Virginia Creeper


(Parthenocissus quinquefolia)

Virginia Creeper
Virginia Creeper
© Kristy Baker, some rights reserved (CC-BY-NC)
Virginia Creeper
© Chuck Thomas, some rights reserved (CC-BY-NC)

Virginia creeper is a vigorous spreading vine In the grape family, native to eastern and central North America. It can be a ground cover or reach up to 50 feet in height when climbing up trees or buildings. At these heights, its woody stems can become several inches thick. The vine Thrives in sun and moisture but is very tolerant of shade as well as drier conditions. It inhabits a variety of locations from woods, valleys, and ravines to rocky bluffs, and hillsides.

Virginia creeper climbs using tendrils with sucker disks at their ends and arial roots which are Bright orange-brown in colour. The leaves are palmately compound with 5 leaflets; shinny above and paler underneath with serrated margins. The vine is often confused with poison ivy which has 3 leaflets. Greenish White flowers appear in late spring to early summer, but are hidden and insignificant. Vibrant dark blue fruit compliment the red to purple or crimson leaf colour in the fall. The very best fall leaf colour occurs when planted in sunny locations.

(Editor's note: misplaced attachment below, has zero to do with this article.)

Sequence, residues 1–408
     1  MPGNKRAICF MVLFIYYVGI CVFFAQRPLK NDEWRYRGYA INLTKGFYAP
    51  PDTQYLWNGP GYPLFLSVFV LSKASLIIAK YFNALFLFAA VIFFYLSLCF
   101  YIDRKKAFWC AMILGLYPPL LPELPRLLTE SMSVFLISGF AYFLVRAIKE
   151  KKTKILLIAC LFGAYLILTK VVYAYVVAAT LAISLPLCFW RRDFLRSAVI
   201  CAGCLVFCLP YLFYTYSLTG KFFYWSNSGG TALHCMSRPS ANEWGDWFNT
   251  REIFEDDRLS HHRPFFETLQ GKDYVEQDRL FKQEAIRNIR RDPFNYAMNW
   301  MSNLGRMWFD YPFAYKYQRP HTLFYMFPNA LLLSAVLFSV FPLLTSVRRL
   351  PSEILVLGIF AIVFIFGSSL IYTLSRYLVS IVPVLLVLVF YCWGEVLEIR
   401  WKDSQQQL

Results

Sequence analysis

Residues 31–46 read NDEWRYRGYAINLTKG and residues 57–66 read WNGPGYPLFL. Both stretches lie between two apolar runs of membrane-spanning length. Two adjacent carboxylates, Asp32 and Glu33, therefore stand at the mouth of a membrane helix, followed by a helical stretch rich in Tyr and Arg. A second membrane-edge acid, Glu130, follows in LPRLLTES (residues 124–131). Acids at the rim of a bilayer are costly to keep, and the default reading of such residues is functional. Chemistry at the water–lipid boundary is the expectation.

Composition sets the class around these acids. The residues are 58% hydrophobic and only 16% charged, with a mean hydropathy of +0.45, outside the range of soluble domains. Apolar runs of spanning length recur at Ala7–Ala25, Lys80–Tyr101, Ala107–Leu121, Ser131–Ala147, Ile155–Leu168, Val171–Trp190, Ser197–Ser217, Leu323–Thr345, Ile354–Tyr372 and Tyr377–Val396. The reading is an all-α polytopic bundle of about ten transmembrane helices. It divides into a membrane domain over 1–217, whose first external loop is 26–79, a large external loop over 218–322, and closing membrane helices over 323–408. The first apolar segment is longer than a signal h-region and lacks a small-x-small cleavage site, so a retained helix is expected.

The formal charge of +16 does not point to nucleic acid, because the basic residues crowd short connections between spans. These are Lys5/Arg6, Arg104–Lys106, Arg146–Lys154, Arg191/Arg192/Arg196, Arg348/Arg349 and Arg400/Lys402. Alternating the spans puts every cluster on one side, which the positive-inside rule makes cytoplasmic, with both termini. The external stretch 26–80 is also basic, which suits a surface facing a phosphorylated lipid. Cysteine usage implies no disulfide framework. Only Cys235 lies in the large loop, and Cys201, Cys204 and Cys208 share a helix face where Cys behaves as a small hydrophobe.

Virginia creeper provides habitat and shelter for numerous birds, toads and insects. It also attracts bees and other insects with its pollen. The fruit provides food for birds, skunks, chipmunks, and other animals, but is highly poisonous to humans and may be fatal if ingested. The plant has, however, been used medicinally to treat headaches, jaundice, bunions, rheumatism, respiratory problems, and rashes.

In terms of planting, Virginia creeper is well suited as a climbing vine for fences or vertical gardens. Its toleration of pollution, salt, and a variety of conditions make the vine a good choice for urban or naturalized plantings. Care should be taken to ensure the vine has adequate room to spread or receives regular pruning to control growth.


Canadian Wildlife Federation. (n.d.). Virginia Creeper. Retrieved from

Missouri Botanical Garden. (n.d.). Parthenocissus quinquefolia. Retrieved from

NC state Extension. (n.d.). Parthenocissus quinquefolia. Retrieved from

Virginia Tech Dendrology. (n.d.). Virginia creeper. Retrieved from